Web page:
Darius Slay is available, but an extension is also still on the table, says Lions general manager Bob Quinn. The Detroit News
Indianapolis — Detroit Lions general manager Bob Quinn once again made it clear he's not shopping quarterback Matthew Stafford, but when it comes to Pro Bowl cornerback Darius Slay, all options remain on the table.
Speaking to reporters at the NFL scouting combine on Tuesday, Quinn continued to emphatically deny the team has had any trade conversations regarding Stafford, contrary to a WDIV report published earlier this month.
"In terms of the whole rumor on Stafford, I think I texted a lot of people here, that's 100-percent false," Quinn said. "If I need to add a third exclamation point, I will. I don't know where that came from."
Quinn said he phoned Stafford shortly after the initial report ran, making sure to directly confront the rumor with his quarterback and preemptively quell any concerns. In doing so, Quinn also confirmed Stafford's commitment the Lions.
"When the story came out, I called Matthew," Quinn said. "I said, 'Listen, I haven't had one conversation. I'm not trading you. Period. He was great. He was like, 'Yeah, I don't want to go anywhere.'"
Any rumblings about trading Stafford have been centered around two things. First, he has finished the past two seasons with an injured back, including missing the final eight games this past season.
Quinn reiterated the team doesn't have any long-term concerns with Stafford's durability.
Second, the Lions hold the No. 3 pick in the draft and are presumably in a position where they could draft an heir apparent at the position, such as Alabama's Tua Tagovailoa.
With two months before he needs to decide, Quinn continues to leave the possibility of using the team's first-round pick on a quarterback on the table. But his commitment to Stafford, not just in 2020, but beyond, in addition to the team's need to produce immediately for Quinn to maintain his job in Detroit beyond next season, logically dismiss the selection of Tagovailoa.
Stafford's contract runs through the 2022 season and Quinn says the goal remains for the quarterback to play out the entirety of the deal. That said, the evaluation process never stops. Asked if there would be a clear indicator of when it was time to add a replacement option to the roster, Quinn couldn't put a time frame on it, but implied the Lions aren't there with Stafford yet.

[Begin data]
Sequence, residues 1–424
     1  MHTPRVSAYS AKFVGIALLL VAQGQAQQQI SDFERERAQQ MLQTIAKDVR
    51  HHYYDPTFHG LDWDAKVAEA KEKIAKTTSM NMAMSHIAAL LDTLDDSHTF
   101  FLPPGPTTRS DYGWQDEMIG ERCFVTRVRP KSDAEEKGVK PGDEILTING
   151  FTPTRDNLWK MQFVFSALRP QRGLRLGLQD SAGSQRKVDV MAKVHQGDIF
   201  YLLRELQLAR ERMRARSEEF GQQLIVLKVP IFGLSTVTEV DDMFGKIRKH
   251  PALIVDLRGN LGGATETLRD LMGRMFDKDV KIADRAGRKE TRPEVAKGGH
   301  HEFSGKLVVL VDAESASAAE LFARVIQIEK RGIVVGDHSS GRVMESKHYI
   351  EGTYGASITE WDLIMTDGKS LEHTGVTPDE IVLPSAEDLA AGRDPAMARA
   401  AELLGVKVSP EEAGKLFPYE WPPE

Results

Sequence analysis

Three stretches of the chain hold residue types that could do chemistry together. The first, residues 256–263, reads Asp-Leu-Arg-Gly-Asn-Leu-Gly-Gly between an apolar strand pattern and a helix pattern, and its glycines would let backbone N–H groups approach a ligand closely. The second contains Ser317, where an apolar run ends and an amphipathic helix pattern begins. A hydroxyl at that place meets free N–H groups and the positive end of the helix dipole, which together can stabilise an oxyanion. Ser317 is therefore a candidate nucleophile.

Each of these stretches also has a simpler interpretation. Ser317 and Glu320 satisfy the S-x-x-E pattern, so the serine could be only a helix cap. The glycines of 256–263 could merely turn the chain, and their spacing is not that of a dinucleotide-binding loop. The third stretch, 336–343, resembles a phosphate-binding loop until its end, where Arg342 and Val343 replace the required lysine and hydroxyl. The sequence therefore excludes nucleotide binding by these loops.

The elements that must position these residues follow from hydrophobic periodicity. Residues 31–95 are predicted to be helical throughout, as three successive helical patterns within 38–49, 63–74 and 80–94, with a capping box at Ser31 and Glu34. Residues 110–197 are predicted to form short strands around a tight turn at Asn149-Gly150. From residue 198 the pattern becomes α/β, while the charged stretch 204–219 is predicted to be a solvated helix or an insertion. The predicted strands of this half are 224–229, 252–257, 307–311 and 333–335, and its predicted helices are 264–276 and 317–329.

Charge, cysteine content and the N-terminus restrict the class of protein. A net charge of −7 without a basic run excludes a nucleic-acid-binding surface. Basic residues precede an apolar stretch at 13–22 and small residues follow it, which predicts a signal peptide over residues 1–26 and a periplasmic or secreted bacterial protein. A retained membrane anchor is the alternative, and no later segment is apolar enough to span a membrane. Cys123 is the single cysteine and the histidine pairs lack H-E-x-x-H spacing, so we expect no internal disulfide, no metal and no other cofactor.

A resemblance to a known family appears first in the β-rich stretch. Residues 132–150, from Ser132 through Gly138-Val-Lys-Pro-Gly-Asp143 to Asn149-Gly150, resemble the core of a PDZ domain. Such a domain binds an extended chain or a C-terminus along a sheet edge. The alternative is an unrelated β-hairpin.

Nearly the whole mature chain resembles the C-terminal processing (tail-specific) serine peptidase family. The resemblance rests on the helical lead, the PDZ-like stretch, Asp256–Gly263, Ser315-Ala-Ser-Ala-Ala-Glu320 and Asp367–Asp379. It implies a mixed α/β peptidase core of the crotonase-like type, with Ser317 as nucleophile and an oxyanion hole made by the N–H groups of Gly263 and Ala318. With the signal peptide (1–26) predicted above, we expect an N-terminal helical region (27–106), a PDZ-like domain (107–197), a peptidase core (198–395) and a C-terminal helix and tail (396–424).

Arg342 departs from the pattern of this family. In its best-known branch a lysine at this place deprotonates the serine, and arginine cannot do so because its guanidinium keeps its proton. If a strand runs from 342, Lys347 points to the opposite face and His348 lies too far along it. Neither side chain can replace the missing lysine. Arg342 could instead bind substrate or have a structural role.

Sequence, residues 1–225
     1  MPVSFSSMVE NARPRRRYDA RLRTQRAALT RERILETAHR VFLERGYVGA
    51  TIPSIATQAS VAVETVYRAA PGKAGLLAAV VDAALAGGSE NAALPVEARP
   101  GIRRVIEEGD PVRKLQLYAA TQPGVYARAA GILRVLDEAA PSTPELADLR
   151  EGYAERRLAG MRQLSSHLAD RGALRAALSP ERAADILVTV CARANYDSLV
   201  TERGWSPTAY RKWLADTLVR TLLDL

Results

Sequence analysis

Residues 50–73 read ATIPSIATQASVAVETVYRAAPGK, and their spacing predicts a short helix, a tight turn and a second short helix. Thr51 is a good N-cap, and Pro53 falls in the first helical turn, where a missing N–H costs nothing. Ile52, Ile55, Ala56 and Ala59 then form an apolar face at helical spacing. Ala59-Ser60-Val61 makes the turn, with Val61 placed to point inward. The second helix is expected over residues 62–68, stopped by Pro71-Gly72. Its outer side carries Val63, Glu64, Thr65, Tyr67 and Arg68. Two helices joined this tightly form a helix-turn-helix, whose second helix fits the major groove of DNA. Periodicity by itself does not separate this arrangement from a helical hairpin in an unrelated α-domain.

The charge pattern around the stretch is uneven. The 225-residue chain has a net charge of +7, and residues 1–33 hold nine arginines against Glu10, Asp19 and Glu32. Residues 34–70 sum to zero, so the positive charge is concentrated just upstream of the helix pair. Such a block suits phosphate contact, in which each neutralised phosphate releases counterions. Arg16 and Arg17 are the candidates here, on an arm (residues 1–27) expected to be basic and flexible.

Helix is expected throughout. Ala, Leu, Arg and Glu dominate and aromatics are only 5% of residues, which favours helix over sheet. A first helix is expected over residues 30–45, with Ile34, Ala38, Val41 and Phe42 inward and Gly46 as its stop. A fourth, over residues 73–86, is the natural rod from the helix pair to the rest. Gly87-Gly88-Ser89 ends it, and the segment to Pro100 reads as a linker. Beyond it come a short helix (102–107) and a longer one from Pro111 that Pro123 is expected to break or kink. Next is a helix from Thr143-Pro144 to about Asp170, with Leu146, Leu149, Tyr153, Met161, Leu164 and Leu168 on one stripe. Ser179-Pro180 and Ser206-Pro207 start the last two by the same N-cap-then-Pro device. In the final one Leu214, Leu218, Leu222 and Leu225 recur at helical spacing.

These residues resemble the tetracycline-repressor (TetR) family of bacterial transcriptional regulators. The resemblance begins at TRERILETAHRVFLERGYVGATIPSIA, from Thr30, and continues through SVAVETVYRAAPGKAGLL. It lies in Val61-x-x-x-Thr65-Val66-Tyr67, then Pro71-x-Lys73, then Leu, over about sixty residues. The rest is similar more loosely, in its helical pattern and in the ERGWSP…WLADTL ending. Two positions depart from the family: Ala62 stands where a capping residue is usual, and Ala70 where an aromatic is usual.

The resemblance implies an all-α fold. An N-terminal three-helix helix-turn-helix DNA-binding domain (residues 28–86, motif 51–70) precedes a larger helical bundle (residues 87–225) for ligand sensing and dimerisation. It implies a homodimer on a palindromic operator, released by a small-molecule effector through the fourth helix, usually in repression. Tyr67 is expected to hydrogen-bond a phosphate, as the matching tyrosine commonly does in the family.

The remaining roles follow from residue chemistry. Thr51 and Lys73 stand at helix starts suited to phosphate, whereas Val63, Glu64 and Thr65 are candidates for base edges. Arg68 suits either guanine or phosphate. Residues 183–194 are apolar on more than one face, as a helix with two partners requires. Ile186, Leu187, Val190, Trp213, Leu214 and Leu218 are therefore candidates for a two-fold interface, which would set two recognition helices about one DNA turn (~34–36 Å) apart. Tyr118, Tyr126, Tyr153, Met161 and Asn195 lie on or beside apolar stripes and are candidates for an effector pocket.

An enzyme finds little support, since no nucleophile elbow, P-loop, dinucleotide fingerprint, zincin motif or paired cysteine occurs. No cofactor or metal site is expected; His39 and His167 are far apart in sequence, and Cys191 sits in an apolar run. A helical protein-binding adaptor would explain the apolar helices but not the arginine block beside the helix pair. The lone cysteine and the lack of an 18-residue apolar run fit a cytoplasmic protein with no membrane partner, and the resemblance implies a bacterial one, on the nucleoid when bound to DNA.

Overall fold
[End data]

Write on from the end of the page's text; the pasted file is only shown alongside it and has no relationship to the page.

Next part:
"The one thing about Matthew, his No. 1 trait is still the same as when I came here four and half years ago — he still has that great arm strength," Quinn said. "He's a competitor, he's tough, he's sneaky athletic. I think he's improved his athleticism a little bit over his career. He does a great job taking care of his body. You take all those things into consideration, like any other player."
While all signs point to Stafford remaining in his role for the foreseeable future, the situation with Slay remains far more up in the air. Quinn openly acknowledged that all options remain in play for the three-time Pro Bowl corner, from a trade to signing an extension to doing nothing and letting him play out the final year of his current contract.
"I know there's a lot of stuff out there," Quinn said. "I think what we're trying to do is we're trying to explore a trade. That's not saying we're definitely trading him. We've had some conversations with other teams. Nothing to report right now. I think we're very much in the information gathering phase of this. Those conversations, from here on out, will be private between us, the teams, the representatives for Darius and Darius himself. That's kind of where it's at."
Quinn emphasized there's no timetable with Slay. The general manager said there could be a resolution next week, next month or not at all. Lions coach Matt Patricia chimed in to emphasize moving Slay is not the franchise's goal.
"We're not trying to trade him," Patricia said. "This not an active trying to trade situation. This is an exploring situation."
Quinn declined to comment on what kind of package he was looking for in trade talks.